Secondly, the assertion is made that the BSA “has sent a message to young people that only some of them are valued.”  This is nothing more than a bald and baseless assertion.  Once again, it is assumed in this statement that valuing young people is equivalent to celebrating any lifestyle any individual youth or group of youths might choose to adopt.  However, it is obvious all ideals are not equally true and legitimate.  Values are not so capricious as to be defined by some select group in society.  They also must transcend culture.

Like much of the reasoning permeating American culture today, the president of the Human Rights Campaign is doing nothing more than foisting, conditioning and presenting question begging and self-stultifying arguments.  His view that everyone must accept his groups definitions of values, fairness, inclusion and tolerance (which are based on the current whims of a segment of contemporary American culture) or be derided into submission seems somewhat less than tolerant of others viewpoints.  Apparently the position that a young person can be valued for their personhood while declining to celebrate their lifestyle is tolerance that will not be tolerated.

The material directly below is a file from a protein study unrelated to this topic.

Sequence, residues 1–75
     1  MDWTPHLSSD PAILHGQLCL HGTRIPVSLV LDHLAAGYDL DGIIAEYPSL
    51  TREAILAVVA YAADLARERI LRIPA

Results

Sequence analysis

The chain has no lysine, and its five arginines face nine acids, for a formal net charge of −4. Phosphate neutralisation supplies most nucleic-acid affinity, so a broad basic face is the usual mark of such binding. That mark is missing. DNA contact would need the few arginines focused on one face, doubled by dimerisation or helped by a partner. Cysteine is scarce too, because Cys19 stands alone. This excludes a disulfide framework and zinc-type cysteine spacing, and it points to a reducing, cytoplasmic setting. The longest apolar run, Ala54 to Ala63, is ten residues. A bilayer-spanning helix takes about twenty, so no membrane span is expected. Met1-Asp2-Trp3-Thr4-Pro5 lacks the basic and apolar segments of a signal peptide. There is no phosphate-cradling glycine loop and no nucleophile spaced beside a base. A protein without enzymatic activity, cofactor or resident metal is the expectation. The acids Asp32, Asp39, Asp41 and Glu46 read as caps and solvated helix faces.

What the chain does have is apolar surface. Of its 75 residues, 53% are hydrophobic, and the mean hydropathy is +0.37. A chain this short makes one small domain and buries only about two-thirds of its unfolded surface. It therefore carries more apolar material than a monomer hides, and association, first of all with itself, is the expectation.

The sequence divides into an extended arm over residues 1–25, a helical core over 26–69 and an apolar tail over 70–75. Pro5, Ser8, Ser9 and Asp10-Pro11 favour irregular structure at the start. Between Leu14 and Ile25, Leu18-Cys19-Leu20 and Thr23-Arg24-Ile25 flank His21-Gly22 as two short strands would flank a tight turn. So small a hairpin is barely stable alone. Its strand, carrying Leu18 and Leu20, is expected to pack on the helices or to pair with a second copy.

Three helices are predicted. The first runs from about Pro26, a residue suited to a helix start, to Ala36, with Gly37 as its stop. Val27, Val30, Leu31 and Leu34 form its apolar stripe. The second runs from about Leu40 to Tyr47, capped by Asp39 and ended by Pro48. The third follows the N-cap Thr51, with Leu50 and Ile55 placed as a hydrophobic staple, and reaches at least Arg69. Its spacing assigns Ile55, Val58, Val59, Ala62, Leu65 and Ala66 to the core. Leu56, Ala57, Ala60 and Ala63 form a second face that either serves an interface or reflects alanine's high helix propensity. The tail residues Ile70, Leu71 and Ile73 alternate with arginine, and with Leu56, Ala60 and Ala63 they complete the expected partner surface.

This nation was not founded on such arbitrary and vapid principles.  Our Declaration of Independence begins and ends with transcendent, objective, self-evident truths: “that all men are created equal, that they are endowed by their Creator with certain unalienable Rights…with a firm reliance on the protection of divine Providence, we mutually pledge to each other our Lives, our Fortunes and our sacred Honor.”  American society was established on the principle that each member is created by a divine Sovereign Creator that He endows with unalienable rights by members who once pledged themselves to the sacred.  This Creator then is the definer and arbiter of the right and the good, and He says: “at the beginning the Creator made them male and female, and said ‘For this reason a man will leave his father and mother and be untied to his wife, and the two will become one flesh’?  So they are no longer two, but one.  Therefore, what God has joined together, let man not separate” (Matthew 19:4-6, NIV) and “For although they knew God, they neither glorified him as God nor gave thanks to him, but their thinking became futile and their foolish hearts were darkened” (Romans 1:21, NIV).  Futile thinking and foolish hearts permeate the society who neither glorify nor give thanks to the Creator who has created them in His image.